Magazine article Editor & Publisher

Obama Owes It All to -- Stephen Colbert!

Magazine article Editor & Publisher

Obama Owes It All to -- Stephen Colbert!

Article excerpt

For this holiday, Barack Obama should have offered a special toast at Thanksgiving to Stephen Colbert for making his election possible. After all, Obama did not start surging, exactly one year ago, until Colbert suddenly pulled out of the race for the White House -- or was booted out.

Let's take a moment to review Colbert's brief but meaningful venture into electoral politics. Colbert ended up pulling out of the primaries despite topping Bill Richardson and closing in on Joe Biden in one national poll.

He had kicked it off during an appearance on Larry King's show in October 2007 to promote his new book, "I Am America (And So Can You)." The Comedy Central star was accused by the host of using the book as a platform to run for president. Colbert happily confirmed this, saying that he would likely seek the nomination from both parties. When King said this was a "cop out," Colbert said that it actually demonstrated true "courage" because "I could lose twice."

Likely he would launch his grassroots crusade in his native state, South Carolina, as a "favorite son." Colbert refused to knock any of his competitors, but did allow that Fred Thompson's campaign slogan should be, "Do Not Disturb." He pointed out that Mike Huckabee had already offered him the veep spot if the former Arkansas governor got the GOP nomination.

Soon, a major South Carolina public TV station offered Colbert airtime to officially announce his candidacy. The Colbert bump kept growing when, on October 14, Maureen Dowd turned over her New York Times column to him for the day. Colbert revealed, "While my hat is not presently in the ring, I should also point out that it is not on my head. So where's that hat?"

Keeping nothing under his missing hat, he went on to describe his platform. On gender: "The sooner we accept the basic differences between men and women, the sooner we can stop arguing about it and start having sex." On race: "While skin and race are often synonymous, skin cleansing is good, race cleansing is bad." On the elderly: "They look like lizards."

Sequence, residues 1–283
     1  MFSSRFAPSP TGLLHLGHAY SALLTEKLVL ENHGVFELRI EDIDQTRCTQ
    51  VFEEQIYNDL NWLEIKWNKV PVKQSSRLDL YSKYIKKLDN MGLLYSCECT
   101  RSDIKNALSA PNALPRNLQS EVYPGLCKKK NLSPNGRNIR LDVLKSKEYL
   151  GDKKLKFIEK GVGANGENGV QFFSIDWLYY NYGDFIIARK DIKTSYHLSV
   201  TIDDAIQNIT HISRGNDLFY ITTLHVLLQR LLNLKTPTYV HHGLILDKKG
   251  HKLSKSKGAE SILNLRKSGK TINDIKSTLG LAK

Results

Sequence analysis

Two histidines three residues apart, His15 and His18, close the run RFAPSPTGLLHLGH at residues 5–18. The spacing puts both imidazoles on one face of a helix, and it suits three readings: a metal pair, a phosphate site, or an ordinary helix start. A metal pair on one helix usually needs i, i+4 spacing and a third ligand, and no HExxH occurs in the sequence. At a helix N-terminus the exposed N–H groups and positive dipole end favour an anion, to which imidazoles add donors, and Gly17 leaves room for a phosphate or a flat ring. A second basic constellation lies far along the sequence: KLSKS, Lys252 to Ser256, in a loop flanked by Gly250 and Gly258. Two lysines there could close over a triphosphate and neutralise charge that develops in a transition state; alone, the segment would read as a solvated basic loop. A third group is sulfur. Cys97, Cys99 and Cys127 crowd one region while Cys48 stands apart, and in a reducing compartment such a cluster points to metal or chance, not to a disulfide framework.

And finally: "I don't intend to tease you for weeks the way Newt Gingrich did, saying that if his supporters raised $30 million, he would run for president. I would run for $15 million. Cash. Nevertheless, I am not ready to announce yet -- even though it's clear that the voters are desperate for a white, male, middle-aged, Jesus-trumpeting alternative."

Two nights later, after nearly a solid week of dropping hints, Colbert did find, and throw, his hat in the ring. On his own show, The Colbert Report, with balloons falling, he screamed, 'Yes, I'm doing it!" Then he welcomed CBS political analyst Jeff Greenfield to analyze his impact on the race "in the past three minutes."

Greenfield said it was "astounding."

Colbert took out one of the "Colbert/Stewart 2008" bumper stickers that have circulated for awhile and cut out the Stewart part, saying that he might replace Jon Stewart as a possible vice president with someone named "Huckabee" or even "Putin." To finance his campaign, he threatened to sell advertising patches on his suit, like a NASCAR driver.

Questions quickly rose about his ballot status in South Carolina but the situation there appeared murky. Stewart signed a contract extension for his Daily Show, explaining, "I love doing this show. …

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